Cem Kaner: Testing Checklists = Good / Testing Scripts = Bad?

I highly recommend this presentation by Cem Kaner (available here as a pdf download of slides). It is provocative, funny, and insightful. In it, Cem Kaner makes a strong case for using checklists (and mercilessly derides many aspects of using completely scripted tests). Cem Kaner, as I suspect most people reading this already know, is one of the leading lights of software testing education. He is a professor of computer sciences at Florida Institute of Technology and has contributed enormously to software testing education by writing Testing Computer Software “the best selling software testing book of all time,” founding the Center for Software Testing Education & Research, and making an excellent free course available online for Black Box Software Testing. <Trivia: Cem Kaner is one of two people I know about who work in the software testing today that have a law degree; the other person is me. After graduating from the University of Virginia Law School, I worked as a lawyer in London and Hong Kong for a large global firm before coming to my senses and realizing my interests, happiness and competence lay elsewhere>.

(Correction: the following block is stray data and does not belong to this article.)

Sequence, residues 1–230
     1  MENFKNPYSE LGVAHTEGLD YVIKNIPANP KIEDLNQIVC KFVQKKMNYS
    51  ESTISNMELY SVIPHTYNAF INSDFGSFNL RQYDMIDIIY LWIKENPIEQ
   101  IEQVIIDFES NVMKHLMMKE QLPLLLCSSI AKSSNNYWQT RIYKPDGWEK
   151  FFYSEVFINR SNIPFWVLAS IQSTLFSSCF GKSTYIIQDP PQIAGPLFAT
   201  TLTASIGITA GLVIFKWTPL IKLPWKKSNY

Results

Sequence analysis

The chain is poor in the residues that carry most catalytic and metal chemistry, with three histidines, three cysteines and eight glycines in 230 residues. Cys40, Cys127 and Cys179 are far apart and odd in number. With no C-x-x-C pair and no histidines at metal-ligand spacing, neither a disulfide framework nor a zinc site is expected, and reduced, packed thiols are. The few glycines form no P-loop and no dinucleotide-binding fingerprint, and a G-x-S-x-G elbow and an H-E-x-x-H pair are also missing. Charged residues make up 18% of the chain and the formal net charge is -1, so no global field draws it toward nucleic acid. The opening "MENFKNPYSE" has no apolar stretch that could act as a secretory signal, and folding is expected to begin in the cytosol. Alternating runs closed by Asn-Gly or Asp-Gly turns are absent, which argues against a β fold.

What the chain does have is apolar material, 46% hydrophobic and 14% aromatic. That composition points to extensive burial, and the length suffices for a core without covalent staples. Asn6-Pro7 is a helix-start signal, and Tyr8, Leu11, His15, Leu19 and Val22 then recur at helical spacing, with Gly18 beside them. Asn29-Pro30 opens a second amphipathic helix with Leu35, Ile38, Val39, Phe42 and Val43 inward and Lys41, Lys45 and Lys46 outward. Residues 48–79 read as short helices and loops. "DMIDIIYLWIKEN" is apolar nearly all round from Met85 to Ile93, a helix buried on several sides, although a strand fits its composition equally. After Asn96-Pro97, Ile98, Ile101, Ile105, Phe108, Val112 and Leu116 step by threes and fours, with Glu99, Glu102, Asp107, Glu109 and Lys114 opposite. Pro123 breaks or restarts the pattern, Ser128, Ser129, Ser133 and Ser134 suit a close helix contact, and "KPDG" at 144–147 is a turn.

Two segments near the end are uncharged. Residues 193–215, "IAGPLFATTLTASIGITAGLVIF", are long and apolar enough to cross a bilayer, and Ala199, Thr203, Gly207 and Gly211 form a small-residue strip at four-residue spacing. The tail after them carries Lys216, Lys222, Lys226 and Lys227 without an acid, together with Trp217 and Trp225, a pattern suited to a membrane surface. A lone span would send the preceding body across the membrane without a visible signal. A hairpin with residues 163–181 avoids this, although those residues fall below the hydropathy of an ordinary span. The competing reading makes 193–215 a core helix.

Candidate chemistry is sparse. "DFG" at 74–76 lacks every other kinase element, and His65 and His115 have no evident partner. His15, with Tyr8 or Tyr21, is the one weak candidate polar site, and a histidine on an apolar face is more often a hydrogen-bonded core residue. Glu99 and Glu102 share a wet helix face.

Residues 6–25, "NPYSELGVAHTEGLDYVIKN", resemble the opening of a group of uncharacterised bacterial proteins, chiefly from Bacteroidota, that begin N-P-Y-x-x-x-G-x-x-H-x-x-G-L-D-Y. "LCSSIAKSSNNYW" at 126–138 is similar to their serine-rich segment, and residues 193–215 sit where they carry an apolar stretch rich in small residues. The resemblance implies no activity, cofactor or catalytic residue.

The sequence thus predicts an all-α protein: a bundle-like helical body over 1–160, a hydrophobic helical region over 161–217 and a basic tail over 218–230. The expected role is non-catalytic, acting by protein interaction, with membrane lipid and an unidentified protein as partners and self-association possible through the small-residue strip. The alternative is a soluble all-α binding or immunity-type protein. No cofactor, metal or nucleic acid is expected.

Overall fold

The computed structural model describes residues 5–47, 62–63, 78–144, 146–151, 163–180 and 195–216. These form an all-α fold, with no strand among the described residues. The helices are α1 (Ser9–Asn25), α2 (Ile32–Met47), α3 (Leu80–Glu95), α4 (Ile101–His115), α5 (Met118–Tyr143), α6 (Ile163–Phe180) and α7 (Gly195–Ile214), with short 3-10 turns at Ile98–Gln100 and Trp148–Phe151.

Here are a couple of my favorite slides from the presentation.

My own belief is that the presentation is very good and makes the points it wants to quite well. If I have a minor quibble with it, it is that in doing such a good job at laying out the case for checklists and against scripted testing, the presentation – almost by definition/design – does not go into as much detail as I would personally like to see about a topic that I think is extremely important and not written about enough; namely, how practitioners should use an approach that blends the advantages of scripted tests (that can generate some of the huge efficiency benefits of combinatorial testing methods for example) and checklist-based Exploratory Testing (which have the advantages pointed out so well in the presentation). A “both / and” option is not only possible; it is desirable.

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Credit for bringing this presentation to my attention: Michael Bolton (the testing expert, of course, not the singer, [ {— “Office Space” video snippet] , posted a link to this presentation. Thanks again, Michael. Your enthusiastic recommendation to pick up boxed sets of the BBC show Connections was also excellent as well; the presenter of Connections is like a slightly tipsy genius with ADHD who possesses incredible grasp of history, an encyclopedic knowledge of quirky scientific developments and a gift for story-telling. I like how your mind works.

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